holidays with a-peel

Some know it as the season of light. Others, the season of giving. But for many of you, it’s the season of citrus and fruitcake. You’re probably already compiling ingredient spreadsheets and collecting addresses for the lucky ducks who will get a family fruitcake, right? But what’s that you say? You’re not making the candied citrus peels from scratch? Well, why not?!

Okay, so you might be saying, MaryJane, I’ll be darned if I’m going to give myself one extra project when I can just buy them at the store. But have another look at that candied peel lining store shelves right around now. Doesn’t it look a little bright? Doesn’t it seem a little soggy? Doesn’t it taste a bit … fake? In a blindfolded test, I’ll bet you’d be hard-pressed to distinguish it from a gummy bear …

There are reasons for this—look no further than the ingredients list. HFCS, red and yellow dyes, chemical preservatives you haven’t a snowball’s chance in a sauna of pronouncing, and artificial flavors. Little wonder so many of us make fun of fruitcake. Little wonder it’s often relegated to doorstop status.

But homemade candied peels? They’re an altogether different story. These vibrant ribbons of citrus glisten like jewels in their shiny syrup cases and “glitter” exteriors. Their sugar coats catch the light so beautifully you’d think these darlings belonged in a Tiffany box. And the taste is true citrus, through and through. Still tangy, sour, and bold, but now softer and sweeter. They’re a treasure on the tongue and a pleasure to crunch between your teeth. And in a homemade fruitcake accented with rum-soaked raisins, currants, and cherries? Heaven.

But fruitcake isn’t the only good use for candied peels. Dip them in chocolate, sprinkle them on custard, or eat ’em whole like you would dried fruit. Put out a bowl for guests, chop some over ice cream or into a quick bread, or make up tiny ribbon-wrapped jars to give as gifts. Use it like a breath “mint,” or perch it on your teacup rim for that little something extra. Press pieces into the tops of shortbread cookies before baking, mix some into brownie batter, or stuff them into the centers of homemade truffles.

Here’s a simple recipe for candied peel to get you started, but why not turn all your peels into citrus candy year-round? Winter’s upon us, meaning big, fat, juicy citrus fruits, even minneolas and clementines are showing up on our doorsteps as gifts. Why waste the peels? How about candied lime peel over flan to end a delicious Mexican meal? Candied grapefruit peel in a fruit salad, alongside cinnamon rolls for brunch? Candied clementine peel chopped and sprinkled over some cranberry sauce? Meyer lemon candy resting on the rim of a double espresso to celebrate a successful shopping trip? Or muddle some candied key lime peel into an oh-yes-I-do-remember-that-one-vacation mojito.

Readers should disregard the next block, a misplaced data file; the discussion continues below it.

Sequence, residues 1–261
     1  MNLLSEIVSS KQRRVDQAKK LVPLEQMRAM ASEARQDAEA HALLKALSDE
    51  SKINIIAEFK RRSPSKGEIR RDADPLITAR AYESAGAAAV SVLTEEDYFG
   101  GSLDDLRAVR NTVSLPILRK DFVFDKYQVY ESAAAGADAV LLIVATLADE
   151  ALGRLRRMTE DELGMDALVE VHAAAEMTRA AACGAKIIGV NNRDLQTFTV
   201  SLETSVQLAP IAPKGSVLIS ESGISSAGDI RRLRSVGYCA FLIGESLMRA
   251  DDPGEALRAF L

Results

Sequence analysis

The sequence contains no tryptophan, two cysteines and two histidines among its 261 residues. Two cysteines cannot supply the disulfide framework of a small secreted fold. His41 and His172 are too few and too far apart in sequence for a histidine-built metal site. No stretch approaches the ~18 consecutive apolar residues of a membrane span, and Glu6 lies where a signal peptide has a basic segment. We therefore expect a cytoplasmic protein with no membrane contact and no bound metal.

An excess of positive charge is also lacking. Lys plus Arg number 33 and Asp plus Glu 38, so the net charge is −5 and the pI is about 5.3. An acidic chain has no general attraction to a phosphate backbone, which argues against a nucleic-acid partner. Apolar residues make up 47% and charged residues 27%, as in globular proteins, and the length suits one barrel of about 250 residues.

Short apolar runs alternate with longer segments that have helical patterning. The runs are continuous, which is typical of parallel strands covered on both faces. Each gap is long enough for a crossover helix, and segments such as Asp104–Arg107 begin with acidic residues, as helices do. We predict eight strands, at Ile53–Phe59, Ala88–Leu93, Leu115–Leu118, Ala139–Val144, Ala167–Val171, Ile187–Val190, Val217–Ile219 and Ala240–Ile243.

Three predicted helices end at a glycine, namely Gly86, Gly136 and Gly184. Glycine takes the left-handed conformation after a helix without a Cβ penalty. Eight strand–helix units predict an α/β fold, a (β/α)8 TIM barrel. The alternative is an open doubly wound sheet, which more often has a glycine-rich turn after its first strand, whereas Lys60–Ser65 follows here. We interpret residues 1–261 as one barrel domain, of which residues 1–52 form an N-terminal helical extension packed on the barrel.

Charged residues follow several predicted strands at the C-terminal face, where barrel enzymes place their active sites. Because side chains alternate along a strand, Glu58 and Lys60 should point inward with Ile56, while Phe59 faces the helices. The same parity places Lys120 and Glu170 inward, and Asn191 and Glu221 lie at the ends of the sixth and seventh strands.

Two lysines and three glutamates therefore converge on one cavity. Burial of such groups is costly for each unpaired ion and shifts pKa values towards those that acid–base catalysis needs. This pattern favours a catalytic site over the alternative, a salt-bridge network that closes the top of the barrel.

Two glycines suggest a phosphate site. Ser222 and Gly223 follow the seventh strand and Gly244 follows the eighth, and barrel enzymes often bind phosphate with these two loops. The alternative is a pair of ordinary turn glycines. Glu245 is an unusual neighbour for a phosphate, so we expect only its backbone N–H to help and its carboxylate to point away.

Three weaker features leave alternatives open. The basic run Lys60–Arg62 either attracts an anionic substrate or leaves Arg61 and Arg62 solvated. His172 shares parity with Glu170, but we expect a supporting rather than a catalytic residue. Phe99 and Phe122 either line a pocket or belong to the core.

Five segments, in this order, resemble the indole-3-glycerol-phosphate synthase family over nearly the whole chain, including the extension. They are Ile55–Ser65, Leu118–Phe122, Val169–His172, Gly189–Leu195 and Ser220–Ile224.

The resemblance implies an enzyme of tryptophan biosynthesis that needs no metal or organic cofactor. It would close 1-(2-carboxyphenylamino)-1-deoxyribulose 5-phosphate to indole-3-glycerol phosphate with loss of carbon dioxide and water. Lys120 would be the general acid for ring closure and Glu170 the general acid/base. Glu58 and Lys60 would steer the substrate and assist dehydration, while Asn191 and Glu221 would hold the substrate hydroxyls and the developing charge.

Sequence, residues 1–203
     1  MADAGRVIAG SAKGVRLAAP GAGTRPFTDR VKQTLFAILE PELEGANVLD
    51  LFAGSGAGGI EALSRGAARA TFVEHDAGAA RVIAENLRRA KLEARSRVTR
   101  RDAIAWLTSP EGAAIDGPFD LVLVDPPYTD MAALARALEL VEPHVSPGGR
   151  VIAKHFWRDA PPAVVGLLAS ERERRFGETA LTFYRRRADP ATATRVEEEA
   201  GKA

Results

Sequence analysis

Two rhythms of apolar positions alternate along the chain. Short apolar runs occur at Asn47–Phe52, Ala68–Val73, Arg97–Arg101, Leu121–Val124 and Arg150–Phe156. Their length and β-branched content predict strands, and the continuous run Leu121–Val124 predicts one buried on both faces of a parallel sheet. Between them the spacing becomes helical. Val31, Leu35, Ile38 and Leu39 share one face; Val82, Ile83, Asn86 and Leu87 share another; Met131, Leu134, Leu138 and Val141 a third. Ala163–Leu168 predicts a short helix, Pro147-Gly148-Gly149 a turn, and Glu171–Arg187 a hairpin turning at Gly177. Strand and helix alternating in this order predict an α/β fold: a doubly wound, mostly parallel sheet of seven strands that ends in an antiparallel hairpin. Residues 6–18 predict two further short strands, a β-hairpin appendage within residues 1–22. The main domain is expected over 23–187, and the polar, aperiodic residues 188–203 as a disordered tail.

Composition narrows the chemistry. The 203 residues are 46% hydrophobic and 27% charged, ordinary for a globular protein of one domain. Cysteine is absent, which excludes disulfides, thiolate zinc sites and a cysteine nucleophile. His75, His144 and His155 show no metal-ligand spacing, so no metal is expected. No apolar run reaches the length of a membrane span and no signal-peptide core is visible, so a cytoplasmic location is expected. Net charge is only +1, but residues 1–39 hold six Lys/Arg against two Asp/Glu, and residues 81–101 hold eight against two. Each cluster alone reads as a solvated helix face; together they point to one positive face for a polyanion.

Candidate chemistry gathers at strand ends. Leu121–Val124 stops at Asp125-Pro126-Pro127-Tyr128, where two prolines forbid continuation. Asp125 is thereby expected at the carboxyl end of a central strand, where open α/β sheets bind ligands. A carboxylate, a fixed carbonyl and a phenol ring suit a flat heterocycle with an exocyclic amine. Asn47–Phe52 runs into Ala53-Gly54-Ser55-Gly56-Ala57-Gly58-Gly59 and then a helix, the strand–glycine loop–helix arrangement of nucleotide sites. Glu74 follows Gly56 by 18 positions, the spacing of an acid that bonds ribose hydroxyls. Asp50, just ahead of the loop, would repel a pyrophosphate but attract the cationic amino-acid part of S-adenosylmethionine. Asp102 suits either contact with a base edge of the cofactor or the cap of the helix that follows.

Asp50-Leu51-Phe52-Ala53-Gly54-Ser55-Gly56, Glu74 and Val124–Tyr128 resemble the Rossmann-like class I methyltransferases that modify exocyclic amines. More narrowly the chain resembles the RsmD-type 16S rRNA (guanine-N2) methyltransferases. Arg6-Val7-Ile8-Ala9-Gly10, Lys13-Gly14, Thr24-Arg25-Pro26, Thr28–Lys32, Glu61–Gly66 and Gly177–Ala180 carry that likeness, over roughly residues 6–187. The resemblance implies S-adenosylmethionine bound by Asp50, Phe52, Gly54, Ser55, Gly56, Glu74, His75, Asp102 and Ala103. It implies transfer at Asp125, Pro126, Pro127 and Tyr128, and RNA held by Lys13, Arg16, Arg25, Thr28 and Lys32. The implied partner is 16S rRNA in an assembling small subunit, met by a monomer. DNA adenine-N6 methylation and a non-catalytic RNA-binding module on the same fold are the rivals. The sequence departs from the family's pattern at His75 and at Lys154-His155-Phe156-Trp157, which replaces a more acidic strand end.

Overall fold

Save up about 4 cups of peels (accumulated from just a couple of days), storing them in your refrigerator in a covered container. This includes lime and lemon rinds leftover from juicing. Simply slice or cut the peels into strips using a knife or a clean pair of scissors. Remove as much of the white pith as you can, but don’t go overboard.


4 cups citrus peels (since we’re using the peel, organic REALLY counts here)
3 1/2 cups sugar, divided

Bring three cups water to boil in a blancher. Find two more pots that will also hold the blancher’s colander and put them to boil also. Blanch the sliced peels for 5 minutes. Drain and rinse. Repeat two more times for a total of three blanchings. (This removes any bitterness.)

Mix 2 1/2 cups sugar and 2 cups water in a small saucepan. Cook over low heat, stirring occasionally, until the sugar dissolves. Raise the heat and bring mixture to a boil. Add the peels and reduce the heat to low. Simmer for 60 minutes, stirring occasionally. Drain the peels. You’ll have some leftover citrus-infused sugar syrup. Drizzle it over waffles or a bowl of ice cream or use some to flavor a cocktail.

Place remaining 1 cup sugar into a wide, shallow bowl. Use a slotted spoon to transfer the drained peels into the sugar, tossing them around and coating each peel individually. Spread them on a rack placed over a cookie sheet for catching drips. Let dry for at least a day. Pack in an airtight container and store in your refrigerator. I dare you NOT to eat them all before you’ve made your fruitcake.

  1. Winnie Nielsen says:

    My Mom used to make candied citrus peel and I remember it being delicious. Thanks for reminding me and providing a recipe. With my orange tree out front hanging to the ground with oranges, candied peel is a neat way to make something s sweet that is not a cookie.

  2. jean says:

    Oh, now I can’t wait to buy some oranges!. I love candied orange peel!

  3. Mary Beth Schwarz says:

    This sounds so tasty! My mother never put commercial candied peels in her fruitcakes because it tasted bitter and did not add to the flavor, so I must try this.
    Since 1965 instead of fruitcakes we have made fruitcake cookies because it is easier (no brown paper to cut and fit to our rectangular pans and butter) and tastes as good or better. Our recipe uses candied red and green cherries (any idea how to make those, maybe similar to the candied peel?), red and green candied pineapple, chopped dates, and Meyers dark rum. They have the colors of Christmas and taste delicious with hot tea or coffee. Mary Beth

Leave a Comment

Your email address will not be published. Required fields are marked *